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"It has become a regular feature on the calendar. The band has a number of standard tunes we play for parades, gigs, whatever it might be, the tunes people relate to and are familiar with. But it is also a chance for our members to play some of their competition pieces."
Membership of what is arguably Dunedin’s principal vehicle of Scottishness fluctuates, but the band can call upon up to a dozen pipers and almost as many drummers to fill its ranks.
Hearteningly, many of its members were young, Mr McLellan said.
"It’s good, but we are always on the hunt for young learners.
"It is very much a young person’s thing, right around the world."
If pipes and drums were not their thing, there were plenty of other activities for lads and lassies such as a Celtic storyteller and junior Highland games featuring a lightweight plastic caber and putting stones which looked a solid enough test for young muscles.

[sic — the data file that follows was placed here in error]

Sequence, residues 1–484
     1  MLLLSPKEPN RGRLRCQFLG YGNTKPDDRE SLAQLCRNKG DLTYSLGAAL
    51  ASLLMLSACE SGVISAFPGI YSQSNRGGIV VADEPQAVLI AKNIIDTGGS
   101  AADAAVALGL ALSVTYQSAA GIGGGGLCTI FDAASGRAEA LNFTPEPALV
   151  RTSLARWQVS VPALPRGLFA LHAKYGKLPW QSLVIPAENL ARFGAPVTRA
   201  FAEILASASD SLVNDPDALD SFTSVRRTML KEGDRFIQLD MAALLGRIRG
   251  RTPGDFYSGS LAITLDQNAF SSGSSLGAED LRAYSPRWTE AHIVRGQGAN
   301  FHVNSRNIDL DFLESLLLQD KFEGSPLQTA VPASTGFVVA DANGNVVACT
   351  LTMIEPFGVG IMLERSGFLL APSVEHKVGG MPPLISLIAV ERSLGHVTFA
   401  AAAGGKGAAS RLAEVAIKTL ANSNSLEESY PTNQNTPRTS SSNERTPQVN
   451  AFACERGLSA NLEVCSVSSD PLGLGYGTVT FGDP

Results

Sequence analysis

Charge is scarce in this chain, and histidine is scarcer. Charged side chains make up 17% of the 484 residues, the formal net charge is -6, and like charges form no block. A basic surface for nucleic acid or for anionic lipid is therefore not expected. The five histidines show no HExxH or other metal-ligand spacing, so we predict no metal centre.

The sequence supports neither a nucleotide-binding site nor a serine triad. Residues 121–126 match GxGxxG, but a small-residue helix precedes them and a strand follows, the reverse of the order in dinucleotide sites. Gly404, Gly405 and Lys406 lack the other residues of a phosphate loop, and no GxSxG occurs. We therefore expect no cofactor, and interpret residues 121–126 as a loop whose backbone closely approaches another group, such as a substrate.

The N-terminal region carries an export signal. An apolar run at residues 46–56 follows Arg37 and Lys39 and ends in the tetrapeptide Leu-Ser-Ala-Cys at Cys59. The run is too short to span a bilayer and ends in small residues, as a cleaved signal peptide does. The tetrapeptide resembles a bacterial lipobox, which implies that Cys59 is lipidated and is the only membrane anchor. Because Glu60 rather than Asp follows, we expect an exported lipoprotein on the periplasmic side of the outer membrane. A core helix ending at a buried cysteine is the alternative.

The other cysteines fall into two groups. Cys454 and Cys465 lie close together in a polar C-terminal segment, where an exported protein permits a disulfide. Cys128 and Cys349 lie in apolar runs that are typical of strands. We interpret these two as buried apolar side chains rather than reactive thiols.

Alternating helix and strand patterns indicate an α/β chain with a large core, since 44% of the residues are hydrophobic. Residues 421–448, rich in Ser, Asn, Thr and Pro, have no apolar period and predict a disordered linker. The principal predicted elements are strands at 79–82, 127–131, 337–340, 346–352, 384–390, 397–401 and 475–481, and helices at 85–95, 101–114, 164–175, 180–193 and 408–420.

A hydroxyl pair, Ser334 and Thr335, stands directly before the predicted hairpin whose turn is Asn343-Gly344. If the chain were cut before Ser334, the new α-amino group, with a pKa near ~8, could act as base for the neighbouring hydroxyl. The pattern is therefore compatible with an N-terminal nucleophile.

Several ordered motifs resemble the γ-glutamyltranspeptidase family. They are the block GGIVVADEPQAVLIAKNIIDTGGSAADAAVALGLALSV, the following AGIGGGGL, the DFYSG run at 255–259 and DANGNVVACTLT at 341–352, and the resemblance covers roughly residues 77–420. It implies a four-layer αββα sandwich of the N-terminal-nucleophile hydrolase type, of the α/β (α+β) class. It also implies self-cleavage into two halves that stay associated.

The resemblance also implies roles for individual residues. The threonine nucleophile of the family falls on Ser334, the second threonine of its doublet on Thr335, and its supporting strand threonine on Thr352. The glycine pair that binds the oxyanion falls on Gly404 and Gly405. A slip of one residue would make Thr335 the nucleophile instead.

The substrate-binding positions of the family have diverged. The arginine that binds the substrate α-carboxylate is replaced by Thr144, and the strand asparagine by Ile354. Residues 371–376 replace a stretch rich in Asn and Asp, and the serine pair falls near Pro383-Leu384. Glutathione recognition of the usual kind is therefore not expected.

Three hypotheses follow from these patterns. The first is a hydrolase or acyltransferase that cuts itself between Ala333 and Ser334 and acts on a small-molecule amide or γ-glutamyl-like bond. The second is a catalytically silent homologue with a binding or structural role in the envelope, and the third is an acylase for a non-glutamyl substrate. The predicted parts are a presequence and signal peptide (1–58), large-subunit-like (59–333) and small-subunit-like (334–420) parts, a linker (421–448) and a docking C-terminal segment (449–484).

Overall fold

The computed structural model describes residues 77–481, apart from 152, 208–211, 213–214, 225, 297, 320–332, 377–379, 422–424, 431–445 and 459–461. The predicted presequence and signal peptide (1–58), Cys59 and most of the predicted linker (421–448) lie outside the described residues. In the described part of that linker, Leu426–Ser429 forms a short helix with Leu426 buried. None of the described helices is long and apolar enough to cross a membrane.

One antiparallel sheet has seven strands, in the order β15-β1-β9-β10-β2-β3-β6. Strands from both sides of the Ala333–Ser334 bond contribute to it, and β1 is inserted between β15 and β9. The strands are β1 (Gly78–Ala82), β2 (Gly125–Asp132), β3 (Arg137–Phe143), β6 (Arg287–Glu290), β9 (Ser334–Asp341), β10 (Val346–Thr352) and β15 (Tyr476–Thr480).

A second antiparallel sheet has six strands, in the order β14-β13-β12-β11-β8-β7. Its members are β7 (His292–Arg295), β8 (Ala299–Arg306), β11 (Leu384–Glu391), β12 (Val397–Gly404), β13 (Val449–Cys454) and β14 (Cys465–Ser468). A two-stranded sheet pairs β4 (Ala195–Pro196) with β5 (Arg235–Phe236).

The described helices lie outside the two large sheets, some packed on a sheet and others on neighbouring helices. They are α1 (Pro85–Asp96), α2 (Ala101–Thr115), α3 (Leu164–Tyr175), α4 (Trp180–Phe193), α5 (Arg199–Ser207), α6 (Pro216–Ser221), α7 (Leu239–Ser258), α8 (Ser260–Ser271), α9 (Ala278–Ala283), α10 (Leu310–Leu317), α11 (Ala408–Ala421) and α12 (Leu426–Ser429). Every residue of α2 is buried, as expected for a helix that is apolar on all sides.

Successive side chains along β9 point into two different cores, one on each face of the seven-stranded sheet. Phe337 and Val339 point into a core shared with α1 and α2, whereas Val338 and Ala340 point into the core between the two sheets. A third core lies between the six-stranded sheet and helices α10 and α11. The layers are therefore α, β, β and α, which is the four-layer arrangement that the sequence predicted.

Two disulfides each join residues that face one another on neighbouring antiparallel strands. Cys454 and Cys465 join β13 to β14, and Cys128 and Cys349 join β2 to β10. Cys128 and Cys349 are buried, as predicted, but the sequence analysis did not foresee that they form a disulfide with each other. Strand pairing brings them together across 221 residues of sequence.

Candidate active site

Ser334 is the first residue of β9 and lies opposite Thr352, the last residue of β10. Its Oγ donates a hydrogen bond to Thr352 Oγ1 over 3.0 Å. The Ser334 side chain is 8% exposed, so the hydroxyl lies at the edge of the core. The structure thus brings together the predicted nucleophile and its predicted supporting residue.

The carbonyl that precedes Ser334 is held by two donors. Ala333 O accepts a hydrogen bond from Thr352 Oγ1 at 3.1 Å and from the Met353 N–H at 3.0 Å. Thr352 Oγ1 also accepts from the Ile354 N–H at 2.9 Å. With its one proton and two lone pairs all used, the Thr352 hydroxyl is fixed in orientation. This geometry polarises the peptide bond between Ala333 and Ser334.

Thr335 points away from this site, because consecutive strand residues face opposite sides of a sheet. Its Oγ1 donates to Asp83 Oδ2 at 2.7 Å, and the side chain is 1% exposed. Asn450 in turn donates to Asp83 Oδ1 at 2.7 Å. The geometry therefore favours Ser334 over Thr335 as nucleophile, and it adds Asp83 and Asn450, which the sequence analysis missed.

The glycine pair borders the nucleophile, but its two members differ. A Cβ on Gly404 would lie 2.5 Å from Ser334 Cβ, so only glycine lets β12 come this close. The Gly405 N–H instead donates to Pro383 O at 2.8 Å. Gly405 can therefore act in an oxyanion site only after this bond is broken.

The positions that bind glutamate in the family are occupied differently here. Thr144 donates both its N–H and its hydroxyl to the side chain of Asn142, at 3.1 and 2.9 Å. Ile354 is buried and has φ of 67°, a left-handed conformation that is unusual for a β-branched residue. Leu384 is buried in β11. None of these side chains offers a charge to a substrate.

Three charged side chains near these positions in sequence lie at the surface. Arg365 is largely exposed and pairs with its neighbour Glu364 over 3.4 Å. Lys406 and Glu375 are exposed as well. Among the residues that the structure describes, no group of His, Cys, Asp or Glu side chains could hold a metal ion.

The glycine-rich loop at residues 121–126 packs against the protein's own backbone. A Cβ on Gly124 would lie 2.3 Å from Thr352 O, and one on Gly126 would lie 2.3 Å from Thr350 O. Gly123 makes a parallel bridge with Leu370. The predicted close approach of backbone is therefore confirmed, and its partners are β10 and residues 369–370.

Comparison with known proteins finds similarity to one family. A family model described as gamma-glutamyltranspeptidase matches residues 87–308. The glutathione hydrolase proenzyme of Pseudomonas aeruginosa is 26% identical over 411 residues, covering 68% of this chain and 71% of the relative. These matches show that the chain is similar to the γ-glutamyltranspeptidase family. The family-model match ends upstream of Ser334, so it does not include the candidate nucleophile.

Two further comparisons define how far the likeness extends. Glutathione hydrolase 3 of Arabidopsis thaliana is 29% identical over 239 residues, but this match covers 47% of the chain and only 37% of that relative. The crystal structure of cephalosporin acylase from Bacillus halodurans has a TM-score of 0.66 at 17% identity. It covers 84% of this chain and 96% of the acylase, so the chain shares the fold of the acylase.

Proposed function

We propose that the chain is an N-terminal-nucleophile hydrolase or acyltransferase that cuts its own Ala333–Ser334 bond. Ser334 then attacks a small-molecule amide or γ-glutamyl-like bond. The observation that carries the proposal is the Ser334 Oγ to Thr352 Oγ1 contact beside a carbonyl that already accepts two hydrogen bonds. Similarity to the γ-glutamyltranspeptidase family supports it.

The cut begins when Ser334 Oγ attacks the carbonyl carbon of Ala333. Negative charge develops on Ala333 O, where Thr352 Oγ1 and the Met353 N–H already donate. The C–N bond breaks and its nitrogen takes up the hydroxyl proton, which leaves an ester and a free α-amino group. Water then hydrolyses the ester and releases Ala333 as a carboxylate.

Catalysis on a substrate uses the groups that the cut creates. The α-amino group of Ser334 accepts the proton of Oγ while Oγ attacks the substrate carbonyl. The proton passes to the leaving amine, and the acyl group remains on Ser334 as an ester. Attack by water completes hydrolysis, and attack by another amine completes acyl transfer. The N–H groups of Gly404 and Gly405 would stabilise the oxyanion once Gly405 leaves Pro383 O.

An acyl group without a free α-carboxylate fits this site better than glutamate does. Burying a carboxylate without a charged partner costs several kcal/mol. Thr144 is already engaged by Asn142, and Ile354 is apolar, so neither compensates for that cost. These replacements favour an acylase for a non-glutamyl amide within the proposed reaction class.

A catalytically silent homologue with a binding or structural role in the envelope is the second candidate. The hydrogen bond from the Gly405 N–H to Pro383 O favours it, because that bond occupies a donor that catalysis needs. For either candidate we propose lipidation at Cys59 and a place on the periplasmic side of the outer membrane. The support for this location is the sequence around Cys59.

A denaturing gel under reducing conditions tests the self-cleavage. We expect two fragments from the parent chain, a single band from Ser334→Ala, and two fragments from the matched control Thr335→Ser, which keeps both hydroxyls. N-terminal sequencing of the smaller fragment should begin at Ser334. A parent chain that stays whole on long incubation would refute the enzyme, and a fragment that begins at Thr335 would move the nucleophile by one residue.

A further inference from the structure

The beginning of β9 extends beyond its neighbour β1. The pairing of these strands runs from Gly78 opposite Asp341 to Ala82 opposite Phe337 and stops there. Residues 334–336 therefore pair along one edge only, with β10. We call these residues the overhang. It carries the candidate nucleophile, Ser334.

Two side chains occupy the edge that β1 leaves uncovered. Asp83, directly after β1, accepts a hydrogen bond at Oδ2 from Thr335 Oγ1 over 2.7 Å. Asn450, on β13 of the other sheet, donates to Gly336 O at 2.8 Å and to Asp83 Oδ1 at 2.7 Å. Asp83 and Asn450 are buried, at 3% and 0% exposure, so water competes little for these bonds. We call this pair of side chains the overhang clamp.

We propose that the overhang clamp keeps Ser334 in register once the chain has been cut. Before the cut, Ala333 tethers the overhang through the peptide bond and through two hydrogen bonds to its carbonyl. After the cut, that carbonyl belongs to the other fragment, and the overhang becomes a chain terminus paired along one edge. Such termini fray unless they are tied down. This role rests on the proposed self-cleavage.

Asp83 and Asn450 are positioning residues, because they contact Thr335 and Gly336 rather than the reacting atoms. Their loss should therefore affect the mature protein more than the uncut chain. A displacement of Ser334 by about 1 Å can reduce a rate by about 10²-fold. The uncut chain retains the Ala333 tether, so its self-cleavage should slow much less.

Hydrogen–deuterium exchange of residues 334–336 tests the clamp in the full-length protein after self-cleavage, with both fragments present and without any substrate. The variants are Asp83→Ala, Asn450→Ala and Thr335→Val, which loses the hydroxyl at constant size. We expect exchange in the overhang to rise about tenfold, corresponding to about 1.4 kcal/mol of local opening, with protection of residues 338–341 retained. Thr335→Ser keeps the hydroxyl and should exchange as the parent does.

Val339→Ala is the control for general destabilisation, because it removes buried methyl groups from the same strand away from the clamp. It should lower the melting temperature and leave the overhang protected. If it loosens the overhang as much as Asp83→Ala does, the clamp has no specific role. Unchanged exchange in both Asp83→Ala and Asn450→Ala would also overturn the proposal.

Originally hailing from the Isle of Skye and brought up living next door to a whisky distillery, he made sure the water of life always fetched up somewhere in the dish — in this case in a whisky mayonnaise drizzled on top, Mr Burt said.
"Whisky and mayonnaise are a tradition in Scotland, so it needed to be in there."
"That means it doesn’t have that strong flavour you get from the stomach, but there are a lot of spices in the batter — it’s not just a straightforward batter — and then, of course, there’s the mayonnaise.
"There’s not many who don’t like it — it’s meaty, tasty and it’s not overpowering."
Other activities during the day included Scottish dancing displays, a porridge-eating contest and a strongman competition.